we the developers were the first ones to go "Woah there, Peaches".
There aren't so many gender-neutral horse names to choose from. You seem quick to judge - perhaps he alternates between fillies and stallions in his horse metaphors.
These discussions usually continue long after the horse is beaten to death - call it blunt metaphors trauma.
This uses POTS, not FDTS, so there are ethoxy groups instead of chlorine atoms bound to the silicon. Still flammable, but POTS is innocuous enough that it's used to coat pigment particles in cosmetics.
I suspect even FDTS gets a lot less nasty once a coating settles in. R1-Si-Cl + H-O-R2 -> R1-Si-O-R2 + HCl, the HCl escapes as a gas and the rest stays put, covalently bonded to the surface.
MITM positioning is a prerequisite, but that's not hard if you run a Wi-Fi hotspot. This is a bid-down attack, tampering with initial negotiation to limit the cipher suite and strength to something more breakable without raising alarms.
If you can additionally prevent the use of PFS cipher suites so the 512 bit key is used for pre-master secret encipherment, you need only break the static 512-bit key once to read all the traffic protected by it.
Both countries have small penises. Can we please move on.
I dunno, Alaska and Kamchatka are both sizable peninsulas.
Exactly. How is this materially different from an integrated remote-access card and baseboard management controller? I'm at a loss why Intel used an Argonaut core for it, though. I'd have expected a lightweight x86, or maybe an ARM. However, all that is beside the point.
The main reason for all the hullabaloo is that the Intel firmware that normally runs on this coprocessor is delivered as a closed-source blob, which raises trust issues given how pervasive its access to the machine is. It's also had its share of bugs and exploits, some of which work even if AMT is turned off in the BIOS, since the coprocessor may still be doing mundane baseboard tasks like fan control.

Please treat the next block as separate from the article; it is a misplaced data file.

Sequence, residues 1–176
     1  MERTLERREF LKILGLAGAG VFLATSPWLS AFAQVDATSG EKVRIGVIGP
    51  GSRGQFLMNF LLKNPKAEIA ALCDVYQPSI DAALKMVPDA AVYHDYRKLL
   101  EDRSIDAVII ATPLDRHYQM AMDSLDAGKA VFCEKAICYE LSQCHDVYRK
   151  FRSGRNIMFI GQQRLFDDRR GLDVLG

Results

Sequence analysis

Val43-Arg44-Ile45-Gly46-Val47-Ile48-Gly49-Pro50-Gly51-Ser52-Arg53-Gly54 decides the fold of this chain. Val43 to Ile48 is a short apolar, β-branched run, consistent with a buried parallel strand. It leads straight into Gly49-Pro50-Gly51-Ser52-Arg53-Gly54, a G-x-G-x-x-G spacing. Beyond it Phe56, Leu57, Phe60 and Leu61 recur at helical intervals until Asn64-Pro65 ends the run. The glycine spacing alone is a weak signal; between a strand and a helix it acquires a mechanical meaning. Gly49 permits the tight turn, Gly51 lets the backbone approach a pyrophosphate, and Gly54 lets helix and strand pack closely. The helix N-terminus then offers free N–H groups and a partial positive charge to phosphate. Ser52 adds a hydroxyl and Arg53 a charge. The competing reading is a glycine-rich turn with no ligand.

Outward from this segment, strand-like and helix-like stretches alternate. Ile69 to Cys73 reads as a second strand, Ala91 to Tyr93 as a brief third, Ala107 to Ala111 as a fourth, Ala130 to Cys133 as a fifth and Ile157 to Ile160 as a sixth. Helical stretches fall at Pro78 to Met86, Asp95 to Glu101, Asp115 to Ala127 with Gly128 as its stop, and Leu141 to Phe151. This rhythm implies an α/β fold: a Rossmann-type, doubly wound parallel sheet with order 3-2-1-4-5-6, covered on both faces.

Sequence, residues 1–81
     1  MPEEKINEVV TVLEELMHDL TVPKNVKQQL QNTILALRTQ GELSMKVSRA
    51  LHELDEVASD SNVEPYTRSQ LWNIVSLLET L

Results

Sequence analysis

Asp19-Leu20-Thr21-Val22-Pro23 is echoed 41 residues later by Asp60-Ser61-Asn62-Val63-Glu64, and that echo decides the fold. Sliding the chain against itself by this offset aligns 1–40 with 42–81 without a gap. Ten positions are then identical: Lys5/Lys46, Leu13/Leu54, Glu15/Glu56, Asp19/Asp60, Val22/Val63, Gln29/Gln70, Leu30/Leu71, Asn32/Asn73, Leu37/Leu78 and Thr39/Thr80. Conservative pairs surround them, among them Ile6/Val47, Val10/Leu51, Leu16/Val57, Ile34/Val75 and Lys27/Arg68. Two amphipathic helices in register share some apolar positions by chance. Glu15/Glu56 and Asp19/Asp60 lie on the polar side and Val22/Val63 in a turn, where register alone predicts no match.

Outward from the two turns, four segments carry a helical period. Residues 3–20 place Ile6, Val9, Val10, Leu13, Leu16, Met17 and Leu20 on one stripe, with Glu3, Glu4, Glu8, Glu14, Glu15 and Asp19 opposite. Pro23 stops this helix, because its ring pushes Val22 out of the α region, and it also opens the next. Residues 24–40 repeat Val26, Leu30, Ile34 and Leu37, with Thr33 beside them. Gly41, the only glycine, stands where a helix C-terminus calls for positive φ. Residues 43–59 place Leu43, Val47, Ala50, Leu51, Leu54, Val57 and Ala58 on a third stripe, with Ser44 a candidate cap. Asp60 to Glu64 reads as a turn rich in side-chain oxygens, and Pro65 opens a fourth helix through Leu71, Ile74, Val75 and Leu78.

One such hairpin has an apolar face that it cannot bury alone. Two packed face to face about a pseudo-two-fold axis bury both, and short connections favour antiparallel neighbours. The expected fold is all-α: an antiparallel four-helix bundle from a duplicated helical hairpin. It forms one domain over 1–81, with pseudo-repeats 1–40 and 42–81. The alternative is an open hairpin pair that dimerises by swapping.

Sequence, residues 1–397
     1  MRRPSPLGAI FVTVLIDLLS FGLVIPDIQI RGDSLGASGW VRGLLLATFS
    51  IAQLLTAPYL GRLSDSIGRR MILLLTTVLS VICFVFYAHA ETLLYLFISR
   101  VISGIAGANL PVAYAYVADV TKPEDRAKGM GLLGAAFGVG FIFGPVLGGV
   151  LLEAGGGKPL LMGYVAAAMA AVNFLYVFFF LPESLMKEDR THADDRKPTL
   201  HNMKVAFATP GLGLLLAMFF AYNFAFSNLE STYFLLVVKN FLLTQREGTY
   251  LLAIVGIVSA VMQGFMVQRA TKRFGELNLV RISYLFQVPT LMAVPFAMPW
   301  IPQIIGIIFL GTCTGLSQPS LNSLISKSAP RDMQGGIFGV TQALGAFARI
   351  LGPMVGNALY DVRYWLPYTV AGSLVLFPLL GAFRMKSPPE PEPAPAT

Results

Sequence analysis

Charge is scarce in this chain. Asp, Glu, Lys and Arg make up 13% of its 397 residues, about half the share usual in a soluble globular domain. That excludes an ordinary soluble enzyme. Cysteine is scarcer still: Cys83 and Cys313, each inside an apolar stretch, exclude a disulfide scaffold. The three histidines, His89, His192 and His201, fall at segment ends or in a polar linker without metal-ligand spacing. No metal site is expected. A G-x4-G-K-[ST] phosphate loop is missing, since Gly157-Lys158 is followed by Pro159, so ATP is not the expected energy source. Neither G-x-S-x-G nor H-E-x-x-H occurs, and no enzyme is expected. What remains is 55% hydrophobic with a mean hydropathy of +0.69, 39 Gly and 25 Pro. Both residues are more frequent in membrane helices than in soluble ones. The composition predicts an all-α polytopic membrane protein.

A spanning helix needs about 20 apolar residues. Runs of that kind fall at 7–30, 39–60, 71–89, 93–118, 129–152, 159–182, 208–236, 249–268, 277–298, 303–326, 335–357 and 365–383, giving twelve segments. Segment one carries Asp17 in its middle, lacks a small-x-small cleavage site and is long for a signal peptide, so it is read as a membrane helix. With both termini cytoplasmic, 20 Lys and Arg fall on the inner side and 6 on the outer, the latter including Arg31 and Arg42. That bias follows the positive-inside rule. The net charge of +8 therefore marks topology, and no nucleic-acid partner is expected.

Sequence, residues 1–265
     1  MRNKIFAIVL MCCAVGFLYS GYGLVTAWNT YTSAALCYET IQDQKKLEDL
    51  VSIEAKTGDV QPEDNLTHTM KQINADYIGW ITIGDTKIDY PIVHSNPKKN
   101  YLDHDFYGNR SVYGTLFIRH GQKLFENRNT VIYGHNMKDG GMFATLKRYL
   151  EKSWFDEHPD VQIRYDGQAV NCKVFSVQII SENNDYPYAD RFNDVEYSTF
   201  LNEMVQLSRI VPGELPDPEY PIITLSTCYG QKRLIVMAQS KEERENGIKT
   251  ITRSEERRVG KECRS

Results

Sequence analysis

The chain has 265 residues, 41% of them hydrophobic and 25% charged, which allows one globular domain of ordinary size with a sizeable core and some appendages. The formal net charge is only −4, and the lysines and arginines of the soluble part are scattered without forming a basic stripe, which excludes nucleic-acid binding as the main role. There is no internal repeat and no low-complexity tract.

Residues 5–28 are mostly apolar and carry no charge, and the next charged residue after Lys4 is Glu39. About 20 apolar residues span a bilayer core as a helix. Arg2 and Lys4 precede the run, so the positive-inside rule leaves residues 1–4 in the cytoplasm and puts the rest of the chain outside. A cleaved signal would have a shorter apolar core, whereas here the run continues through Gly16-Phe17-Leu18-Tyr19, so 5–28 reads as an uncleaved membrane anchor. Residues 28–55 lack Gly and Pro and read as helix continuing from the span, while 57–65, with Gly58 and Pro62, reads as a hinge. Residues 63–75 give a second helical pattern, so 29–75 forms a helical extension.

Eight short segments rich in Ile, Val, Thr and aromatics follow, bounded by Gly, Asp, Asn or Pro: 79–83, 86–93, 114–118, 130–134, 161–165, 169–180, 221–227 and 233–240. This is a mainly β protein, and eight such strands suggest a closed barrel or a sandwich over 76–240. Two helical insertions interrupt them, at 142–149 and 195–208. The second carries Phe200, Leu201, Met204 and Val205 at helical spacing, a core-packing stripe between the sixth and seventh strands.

AMD got the $6 billion to buy ATI by spending the cash reserves they had to build their next generation fab. The result is that after they bought ATI they had to sell their manufacturing operations sliding even further into irrelevance as their costs are much higher than Intel.
It's not like they don't actually have a sensible plan, though. While they might not be able to catch Intel in the short run on high-end CPUs, some of their newer APUs (some of them outright SoCs) are surprisingly efficient little beasts built for the low-power market segment: silent or fanless mini PCs, tablets, ultraportables, and an assortment of bespoke embedded gadgets. While the CPU side trails Intel's, on-die GCN soundly demolishes any integrated graphics Intel puts out there.
The is an infinite number that can be collected over an infinite amount of years... However at any particular point of time there is only a limited number available to be used. The the number cannot be dramatically increase or decrease with a sign of a pen.
The number of new coins issued with each block is cut in half every 210,000 blocks (approximately every four years), and summing from 1 to infinity over 1/(2**n) equals one, not infinity. The total circulation will asymptotically approach approximately 21 million.
trading gold is nothing more than trading the energy consumed in mining it.
Gold comes from mines? I always believed it came from pawn shops and elderly relatives.
Well, the generation of that gold probably occurred in a process even more energy intensive than bitcoin mining, such as a very large star going out with a bang. After that it's just been transferred around.
Nakamoto block chains don't address the problem of authenticating and authorizing transactions, they address the problem of resolving disputes over whether and when any given transaction happened. In conjunction with the block chain, digital signatures and smart contracts provide the authentication and authorization respectively, and neither technology needs access to anyone's private information when verifying or validating.
It doesn't stop at 'name endianness'. It's probably less confusing, in print at least, to use the convention of all-capping the surname while leaving the full name in its native order. I imagine such a convention would be especially handy when trying to wrangle elaborate names carrying a whole syntax tree laden with titles, adjective phrases, and prepositional phrases, leaving the surname somewhere in the middle. Such names tend to be found in Europe and the Middle East at least.
The downside to smashing case is that it loses information, such as whether 'VON FOO' is properly cased as 'von Foo' or 'Von Foo'. Where possible it's probably better to use an inline tag or something, but plain text doesn't leave room for such niceties.